LaFayette Square — Scandal and Murder


In creating our tour of LaFayette Square – that neighborhood that sits directly across from the White House – we found many threads that attached themselves to the main stories we included on the tour. This, and the next three blogs, follow just a few of those threads.

The date is February 27th, the year, 1859. New York Congressman Dan Sickles and his wife of seven years Teresa, live on fashionable LaFayette Square in Washington, DC. In this genteel neighborhood, all was not well in the Sickles home: Teresa had been carrying on an affair with an attorney, a widower by the name of Philip Barton Key.

Philip Barton Key (Harper’s Weekly, Matthew Brady photo)
Philip Barton Key
(Harper’s Weekly,
Matthew Brady photo)

Key was not just any attorney, though — he was the United States District Attorney for the District of Columbia and he was the son of another well-known attorney, Francis Scott Key, who also happened to write our National Anthem. To round out his pedigree: Philip Barton Key was the nephew of Roger B Taney. We’ll get back to Taney a little later.

Even though Teresa Sickles and Barton Key were not what you’d call discreet, Dan Sickles remained oblivious to the affair, that is, until someone eventually tipped him off and the Congressman confronted Key on a street across from LaFayette Park. Confronted him with multiple pistols. Key, according to one account, was armed only with a pair of opera glasses that he had been using to watch the Key home for Teresa’s sign that the coast was clear.

The Street today and site of the Washington Club
The Street today and site of the Washington Club

When Sickles approached, in what he would eventually refer to as “an aberration of mind,” Key apparently threw the opera glasses at him, adding a brief air of slapstick to the deadly confrontation. We don’t have an account of Sickles’ reaction to this feeble, sissified, attempt at self-defense but you can imagine that Sickles maintained a look of rage, or disdain, or a combination of those emotions, bringing about his “aberration of mind.” He fired – and fired – and fired some more. Well, actually, the guns mis-fired a couple of times but he was successful enough that he shot Barton Key multiple times, the fatal shot hitting Key close to the heart. Carried into the nearby Washington Club, Key quickly succumbed to the wound. So now we have Dan Sickles, Congressman – and Murderer. Like today, Washington DC Society LOVED a good scandal and here, in the dead of winter, 1859, they had their fill and then some!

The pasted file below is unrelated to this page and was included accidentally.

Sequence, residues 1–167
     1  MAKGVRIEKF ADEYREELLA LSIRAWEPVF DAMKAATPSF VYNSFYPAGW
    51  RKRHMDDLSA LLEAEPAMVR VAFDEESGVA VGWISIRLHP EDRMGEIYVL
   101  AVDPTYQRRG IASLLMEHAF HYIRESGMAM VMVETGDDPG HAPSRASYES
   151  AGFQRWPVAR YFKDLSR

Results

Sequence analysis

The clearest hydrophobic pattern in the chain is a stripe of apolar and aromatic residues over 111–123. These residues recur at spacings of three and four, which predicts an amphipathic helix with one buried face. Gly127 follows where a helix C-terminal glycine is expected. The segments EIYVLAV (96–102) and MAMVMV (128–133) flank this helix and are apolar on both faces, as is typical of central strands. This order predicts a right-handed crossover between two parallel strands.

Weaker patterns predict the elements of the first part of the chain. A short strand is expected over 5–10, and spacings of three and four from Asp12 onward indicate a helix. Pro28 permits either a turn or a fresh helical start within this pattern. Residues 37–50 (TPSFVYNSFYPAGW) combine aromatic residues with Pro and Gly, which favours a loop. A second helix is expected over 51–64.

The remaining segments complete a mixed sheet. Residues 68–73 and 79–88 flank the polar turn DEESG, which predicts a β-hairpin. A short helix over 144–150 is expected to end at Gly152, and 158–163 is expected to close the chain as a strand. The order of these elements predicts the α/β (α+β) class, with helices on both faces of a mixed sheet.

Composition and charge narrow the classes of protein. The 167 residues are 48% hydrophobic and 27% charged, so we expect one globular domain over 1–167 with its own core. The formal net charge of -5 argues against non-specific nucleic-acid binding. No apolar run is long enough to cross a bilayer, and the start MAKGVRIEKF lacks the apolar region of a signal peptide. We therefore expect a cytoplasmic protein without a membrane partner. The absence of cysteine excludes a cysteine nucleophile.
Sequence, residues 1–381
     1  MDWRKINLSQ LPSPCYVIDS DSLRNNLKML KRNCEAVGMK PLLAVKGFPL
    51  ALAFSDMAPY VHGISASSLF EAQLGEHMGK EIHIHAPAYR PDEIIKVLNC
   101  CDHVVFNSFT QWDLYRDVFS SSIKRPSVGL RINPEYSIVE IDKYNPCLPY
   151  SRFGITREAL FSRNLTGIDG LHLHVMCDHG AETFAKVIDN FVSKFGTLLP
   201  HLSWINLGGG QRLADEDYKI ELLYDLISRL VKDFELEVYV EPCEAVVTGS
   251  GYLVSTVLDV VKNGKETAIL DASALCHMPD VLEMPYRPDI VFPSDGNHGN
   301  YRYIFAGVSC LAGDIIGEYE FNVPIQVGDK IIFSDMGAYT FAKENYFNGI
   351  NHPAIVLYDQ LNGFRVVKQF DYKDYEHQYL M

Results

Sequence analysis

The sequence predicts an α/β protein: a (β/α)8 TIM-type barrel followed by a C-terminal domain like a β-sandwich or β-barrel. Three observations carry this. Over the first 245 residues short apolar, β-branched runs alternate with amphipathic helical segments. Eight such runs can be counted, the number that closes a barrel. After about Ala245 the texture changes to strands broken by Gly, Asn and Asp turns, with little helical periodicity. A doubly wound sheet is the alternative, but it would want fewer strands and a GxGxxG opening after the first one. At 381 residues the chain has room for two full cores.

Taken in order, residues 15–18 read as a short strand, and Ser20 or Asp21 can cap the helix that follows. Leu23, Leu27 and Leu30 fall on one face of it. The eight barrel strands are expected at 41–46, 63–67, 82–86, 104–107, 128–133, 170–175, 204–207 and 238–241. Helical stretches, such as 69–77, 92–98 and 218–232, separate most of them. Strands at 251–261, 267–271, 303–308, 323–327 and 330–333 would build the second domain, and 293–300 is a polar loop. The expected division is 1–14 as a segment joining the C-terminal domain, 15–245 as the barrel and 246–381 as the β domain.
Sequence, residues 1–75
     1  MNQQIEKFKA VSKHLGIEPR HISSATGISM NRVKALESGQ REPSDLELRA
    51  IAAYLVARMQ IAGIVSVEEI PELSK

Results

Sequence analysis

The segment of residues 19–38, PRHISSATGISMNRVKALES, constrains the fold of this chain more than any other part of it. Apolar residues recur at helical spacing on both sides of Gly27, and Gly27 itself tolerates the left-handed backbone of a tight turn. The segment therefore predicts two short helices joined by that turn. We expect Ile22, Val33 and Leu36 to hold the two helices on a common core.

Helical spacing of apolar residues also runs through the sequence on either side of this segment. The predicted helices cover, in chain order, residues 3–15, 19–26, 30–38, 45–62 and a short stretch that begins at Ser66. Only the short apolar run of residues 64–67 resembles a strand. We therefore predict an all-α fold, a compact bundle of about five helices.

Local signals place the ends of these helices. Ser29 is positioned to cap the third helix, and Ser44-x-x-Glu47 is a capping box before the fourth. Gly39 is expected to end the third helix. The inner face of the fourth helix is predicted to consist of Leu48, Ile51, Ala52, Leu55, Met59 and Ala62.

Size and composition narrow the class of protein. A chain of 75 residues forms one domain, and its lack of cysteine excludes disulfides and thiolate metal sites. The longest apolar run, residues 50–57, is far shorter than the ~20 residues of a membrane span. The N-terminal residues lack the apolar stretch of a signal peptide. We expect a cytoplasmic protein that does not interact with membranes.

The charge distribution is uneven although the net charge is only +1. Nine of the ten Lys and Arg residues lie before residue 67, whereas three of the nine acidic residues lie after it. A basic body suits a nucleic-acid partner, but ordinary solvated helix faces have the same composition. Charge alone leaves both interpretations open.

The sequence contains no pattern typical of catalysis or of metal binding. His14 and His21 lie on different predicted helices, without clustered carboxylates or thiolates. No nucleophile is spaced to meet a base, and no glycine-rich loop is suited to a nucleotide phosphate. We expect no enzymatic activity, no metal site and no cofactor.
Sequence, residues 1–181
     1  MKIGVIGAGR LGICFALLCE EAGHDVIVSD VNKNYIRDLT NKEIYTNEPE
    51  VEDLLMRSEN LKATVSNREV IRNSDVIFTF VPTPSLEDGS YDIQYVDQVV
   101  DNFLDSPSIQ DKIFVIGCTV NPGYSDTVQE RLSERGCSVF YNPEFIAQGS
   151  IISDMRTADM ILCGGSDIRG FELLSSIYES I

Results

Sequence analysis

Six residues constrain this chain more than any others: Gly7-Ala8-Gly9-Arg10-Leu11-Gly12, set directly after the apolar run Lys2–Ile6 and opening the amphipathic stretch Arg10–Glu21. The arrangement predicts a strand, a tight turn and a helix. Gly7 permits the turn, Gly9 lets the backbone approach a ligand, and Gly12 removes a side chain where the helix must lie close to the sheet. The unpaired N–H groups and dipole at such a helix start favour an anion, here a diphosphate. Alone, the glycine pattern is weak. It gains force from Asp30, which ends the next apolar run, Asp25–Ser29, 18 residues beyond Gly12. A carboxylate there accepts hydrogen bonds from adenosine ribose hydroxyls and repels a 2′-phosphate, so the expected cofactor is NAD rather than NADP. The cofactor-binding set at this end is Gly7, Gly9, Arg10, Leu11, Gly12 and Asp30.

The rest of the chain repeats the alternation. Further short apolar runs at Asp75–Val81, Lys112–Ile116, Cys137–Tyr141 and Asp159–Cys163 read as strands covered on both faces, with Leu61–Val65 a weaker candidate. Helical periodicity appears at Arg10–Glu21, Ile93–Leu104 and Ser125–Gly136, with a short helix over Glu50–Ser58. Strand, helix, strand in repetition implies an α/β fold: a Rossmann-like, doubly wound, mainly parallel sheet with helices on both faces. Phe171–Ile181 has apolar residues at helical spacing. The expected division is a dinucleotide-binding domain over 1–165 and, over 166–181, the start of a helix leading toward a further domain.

Daniel E Sickles (Library of Congress)
Daniel E Sickles
(Library of Congress)

Congressman Daniel E Sickles was a well-connected, cunning, political operative. He was part of the very powerful, very corrupt New York political “system” known as Tammany Hall — The Tammany Society of New York City, founded in the late 18th century. He was equally well-connected in DC and his affiliations would enable him to put together a defense with just the right people who could — and would — defend his actions. His defense team, included Edwin M Stanton, soon to become Secretary of War in the Lincoln Cabinet. Stanton would offer the “insanity defense,” and for the first time in history, a jury would accept that defense – and would acquit Dan Sickles of murder.

Teresa Bagioli Sickles (Harper’s Weekly, Matthew Brady photo)
Teresa Bagioli Sickles
(Harper’s Weekly,
Matthew Brady photo)

And what of young Teresa? There was an even bigger uproar when Sickles, upping the dramatic ante, forgave her but his forgiveness was pretty shallow; the marriage equally shallow. Though Teresa and Dan Sickles remained married, they would no longer live as husband and wife. Teresa, moving to a home in New York, would live only until 1867, dying of tuberculosis in February of that year.

Dan Sickles would maneuver his way into an appointment as General during the Civil War – becoming one of the only generals in that war who was NOT a graduate of West Point, VMI, or some other military school of the era. At Gettysburg, as a Corps commander, Sickles would lose a leg – but not before he made a controversial move (controversial to this day) that unnecessarily and without orders moved his entire Corps (around 9,000 men) into a dangerous position. Known as a salient, the position exposed the Corps to some of the worst fighting of the battle and gave the Peach Orchard and the Wheat Field permanent Capital-Letter status that anyone who fought during the war – and for many years after the war – recognized without further explanation.

Sickles would have his leg packed up and sent to Washington, DC. He lived many years after the war – all the better to defend his actions at Gettysburg since THIS time he could not use the “insanity defense.” After the War he was known to take his lady-friends to see his leg, which, of course, calls into question the type of “lady-friends” he hung out with. And even YOU can still visit his leg today. It’s part of the collection of the National Museum of Health and Medicine in Washington DC.

We’ll end Part I here. Join me next time for Part II where we’ll focus on Francis Scott Key and Roger Brooke Taney — and one of the most controversial decisions ever handed down by the Supreme Court.

Sources:

  • “Our Neighbors on LaFayette Square”, Benjamin Ogle Tayloe
  • “The President’s Square”, Frances F Donaldson
  • “Francis Scott Key”, Francis Scott Key Smith
  • www.biography.com
  • www.ourdocuments.gov
  • pabook.libraries.psu.edu
  • news.stanford.edu
  • baltimoreauthors.ubalt.edu/writers/fscottkey.htm
  • “The Lost World of Francis Scott Key”, Sina Dubovoy

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